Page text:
Lapsed though I am, I still get my newsletter from the Episcopal Diocese of Long Island, and it's full of tear-jerky stuff about these, quote, "Vulnerable Child Refugees." That's what they're called by the Right Reverend Lawrence Provenzano, Episcopal Bishop of Long Island: "Vulnerable Child Refugees." Quote from him:
Today, I am calling upon the clergy and people of the Episcopal Diocese of Long Island to open our homes, our churches and community centers and all of our agencies and programs to begin accepting and helping these displaced children immediately.
That begs a rather obvious response, and I await some information about how many Guatemalan gangbangers the Bishop has put up in his own home.
And you never, in any of these self-serving, self-righteous blatherings, you never hear about the millions of dollars these bleeding-heart clergyfolk are getting from the federal taxpayer. Make no mistake, this is big business.
The blogger who calls himself "Sundance" at the Conservative Treehouse website has done some fine analytics on this, estimating that each unaccompanied minor costs the federal taxpayer around $40,000. He has tracked down dollar figures for some of the grants going from Health & Human Services to church outfits. These are grants specifically designated by HHS — actually the Office of Refugee Resettlement, which is within HHS — for "Unaccompanied Alien Children." Samples:
Lutheran Social Services of the South, Inc. in Austin, Texas: HHS Grant $8,389,270.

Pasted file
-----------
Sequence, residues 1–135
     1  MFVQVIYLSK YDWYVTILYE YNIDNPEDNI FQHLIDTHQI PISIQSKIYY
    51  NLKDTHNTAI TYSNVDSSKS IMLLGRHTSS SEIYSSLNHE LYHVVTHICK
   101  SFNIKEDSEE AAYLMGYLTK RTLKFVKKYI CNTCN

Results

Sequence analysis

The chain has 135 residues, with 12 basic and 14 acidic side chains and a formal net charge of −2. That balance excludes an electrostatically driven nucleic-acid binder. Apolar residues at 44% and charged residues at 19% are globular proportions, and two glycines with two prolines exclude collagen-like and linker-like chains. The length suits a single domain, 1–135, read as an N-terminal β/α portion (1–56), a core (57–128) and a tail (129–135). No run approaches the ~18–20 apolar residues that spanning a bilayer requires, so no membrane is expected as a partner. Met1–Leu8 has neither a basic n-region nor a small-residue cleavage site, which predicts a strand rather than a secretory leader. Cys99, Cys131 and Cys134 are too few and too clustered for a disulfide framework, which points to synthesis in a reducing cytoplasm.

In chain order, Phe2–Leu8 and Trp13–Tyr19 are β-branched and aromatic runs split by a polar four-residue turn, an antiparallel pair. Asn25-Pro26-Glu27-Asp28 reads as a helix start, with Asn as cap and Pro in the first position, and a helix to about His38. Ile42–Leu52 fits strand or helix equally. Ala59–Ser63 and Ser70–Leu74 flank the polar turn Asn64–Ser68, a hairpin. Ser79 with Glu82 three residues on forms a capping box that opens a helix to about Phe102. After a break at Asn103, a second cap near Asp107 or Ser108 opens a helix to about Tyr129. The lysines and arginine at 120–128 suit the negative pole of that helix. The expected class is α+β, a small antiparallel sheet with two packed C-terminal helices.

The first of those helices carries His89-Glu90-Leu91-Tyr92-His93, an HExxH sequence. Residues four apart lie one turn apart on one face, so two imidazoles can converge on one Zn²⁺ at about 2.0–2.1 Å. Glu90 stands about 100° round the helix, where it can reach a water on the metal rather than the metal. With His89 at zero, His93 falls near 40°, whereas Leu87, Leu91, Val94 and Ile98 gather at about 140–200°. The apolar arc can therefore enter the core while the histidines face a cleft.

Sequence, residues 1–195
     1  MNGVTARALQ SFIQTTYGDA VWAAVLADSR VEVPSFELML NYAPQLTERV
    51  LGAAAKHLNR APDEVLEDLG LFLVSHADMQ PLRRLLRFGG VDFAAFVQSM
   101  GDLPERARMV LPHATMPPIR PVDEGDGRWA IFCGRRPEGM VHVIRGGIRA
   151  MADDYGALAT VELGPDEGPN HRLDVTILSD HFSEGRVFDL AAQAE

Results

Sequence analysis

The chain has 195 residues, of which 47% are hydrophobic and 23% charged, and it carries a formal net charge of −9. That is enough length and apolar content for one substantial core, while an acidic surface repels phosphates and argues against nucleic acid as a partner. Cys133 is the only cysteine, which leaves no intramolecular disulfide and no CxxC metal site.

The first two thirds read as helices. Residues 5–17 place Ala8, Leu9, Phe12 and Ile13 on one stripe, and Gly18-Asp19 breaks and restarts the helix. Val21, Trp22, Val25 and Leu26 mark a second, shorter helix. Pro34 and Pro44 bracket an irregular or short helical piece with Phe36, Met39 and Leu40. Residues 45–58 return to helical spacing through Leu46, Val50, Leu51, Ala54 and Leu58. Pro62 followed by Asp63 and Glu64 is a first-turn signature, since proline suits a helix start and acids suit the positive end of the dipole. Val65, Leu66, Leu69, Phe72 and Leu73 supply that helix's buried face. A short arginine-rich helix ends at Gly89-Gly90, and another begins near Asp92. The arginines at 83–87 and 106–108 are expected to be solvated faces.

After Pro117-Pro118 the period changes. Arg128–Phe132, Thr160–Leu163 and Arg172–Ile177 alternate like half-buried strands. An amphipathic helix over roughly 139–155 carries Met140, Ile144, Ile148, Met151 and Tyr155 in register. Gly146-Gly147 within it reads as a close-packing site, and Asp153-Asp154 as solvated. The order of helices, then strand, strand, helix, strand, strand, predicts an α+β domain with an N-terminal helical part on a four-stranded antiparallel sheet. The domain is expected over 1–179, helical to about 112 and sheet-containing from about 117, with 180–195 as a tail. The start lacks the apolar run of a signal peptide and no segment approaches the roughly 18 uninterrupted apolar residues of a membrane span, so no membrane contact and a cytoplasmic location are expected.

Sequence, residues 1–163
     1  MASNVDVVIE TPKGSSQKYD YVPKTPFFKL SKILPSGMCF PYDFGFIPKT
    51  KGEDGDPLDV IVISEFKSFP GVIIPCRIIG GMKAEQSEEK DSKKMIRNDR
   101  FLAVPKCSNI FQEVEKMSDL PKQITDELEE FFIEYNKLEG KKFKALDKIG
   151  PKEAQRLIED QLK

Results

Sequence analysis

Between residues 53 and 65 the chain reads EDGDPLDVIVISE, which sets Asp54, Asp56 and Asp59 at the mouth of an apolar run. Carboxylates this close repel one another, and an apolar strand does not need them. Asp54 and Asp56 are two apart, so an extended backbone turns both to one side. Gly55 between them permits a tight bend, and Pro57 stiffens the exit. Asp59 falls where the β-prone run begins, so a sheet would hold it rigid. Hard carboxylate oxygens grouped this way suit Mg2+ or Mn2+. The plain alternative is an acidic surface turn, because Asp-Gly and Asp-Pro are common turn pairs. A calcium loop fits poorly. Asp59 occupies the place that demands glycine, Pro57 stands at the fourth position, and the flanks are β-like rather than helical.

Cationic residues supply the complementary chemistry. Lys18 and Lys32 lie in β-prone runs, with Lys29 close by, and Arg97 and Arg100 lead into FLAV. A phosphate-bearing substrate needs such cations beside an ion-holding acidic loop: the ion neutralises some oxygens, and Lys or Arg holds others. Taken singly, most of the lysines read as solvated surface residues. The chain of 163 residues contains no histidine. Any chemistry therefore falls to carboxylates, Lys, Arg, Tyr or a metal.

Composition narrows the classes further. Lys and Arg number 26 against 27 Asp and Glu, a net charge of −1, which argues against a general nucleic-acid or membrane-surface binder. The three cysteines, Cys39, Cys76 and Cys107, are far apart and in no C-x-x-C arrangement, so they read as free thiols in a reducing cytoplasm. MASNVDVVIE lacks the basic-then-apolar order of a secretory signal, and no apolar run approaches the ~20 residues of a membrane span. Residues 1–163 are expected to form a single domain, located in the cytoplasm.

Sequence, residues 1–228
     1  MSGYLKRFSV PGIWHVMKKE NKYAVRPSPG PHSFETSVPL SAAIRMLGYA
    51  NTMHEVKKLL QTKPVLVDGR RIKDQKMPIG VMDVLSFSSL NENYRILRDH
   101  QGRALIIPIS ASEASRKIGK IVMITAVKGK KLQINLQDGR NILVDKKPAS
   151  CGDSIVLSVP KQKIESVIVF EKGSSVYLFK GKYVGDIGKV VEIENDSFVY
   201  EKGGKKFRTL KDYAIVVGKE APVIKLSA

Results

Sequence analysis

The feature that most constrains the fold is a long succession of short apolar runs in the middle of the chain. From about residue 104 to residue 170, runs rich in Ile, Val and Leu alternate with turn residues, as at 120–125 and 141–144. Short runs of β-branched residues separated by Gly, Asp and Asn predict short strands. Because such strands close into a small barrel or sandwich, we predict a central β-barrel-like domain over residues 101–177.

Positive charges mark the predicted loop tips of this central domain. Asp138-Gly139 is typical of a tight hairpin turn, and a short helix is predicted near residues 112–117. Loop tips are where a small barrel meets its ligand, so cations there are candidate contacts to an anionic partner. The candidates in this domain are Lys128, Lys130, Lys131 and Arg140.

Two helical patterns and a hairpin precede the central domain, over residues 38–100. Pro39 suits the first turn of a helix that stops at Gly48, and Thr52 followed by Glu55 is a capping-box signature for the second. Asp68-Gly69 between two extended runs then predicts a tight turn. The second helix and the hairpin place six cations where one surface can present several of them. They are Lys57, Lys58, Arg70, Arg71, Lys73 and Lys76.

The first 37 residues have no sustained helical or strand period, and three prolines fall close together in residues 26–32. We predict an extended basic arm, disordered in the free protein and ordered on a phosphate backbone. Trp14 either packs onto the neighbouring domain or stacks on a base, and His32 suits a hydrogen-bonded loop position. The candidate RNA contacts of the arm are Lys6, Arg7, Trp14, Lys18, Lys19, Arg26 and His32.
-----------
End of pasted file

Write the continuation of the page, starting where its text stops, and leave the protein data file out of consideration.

And so on, and on. Ann Corcoran over at the excellent Refugee Resettlement Watch website has been banging this drum for years, but news about all this money sluicing from federal taxpayers through to the churches seems at last to be breaking out into more mainstream outlets.
Here for example is a well-researched piece by Leo Hohmann at World Net Daily, July 1st. Lead paragraph, quote:
Thousands of Central American children crossing the border illegally could soon turn into asylum seekers armed with immigration lawyers provided by church groups and paid for by federal tax dollars.
Nine contractors receive hundreds of millions of dollars from the feds to resettle refugees and asylum seekers, and six of those nine are church groups: U.S. Conference of Catholic Bishops, Lutheran Immigration and Refugee Service, Episcopal Migration Ministries, the Hebrew Immigrant Aid Society, the Church World Service, which is ecumenical, and World Relief Corporation, which is an umbrella group of evangelicals.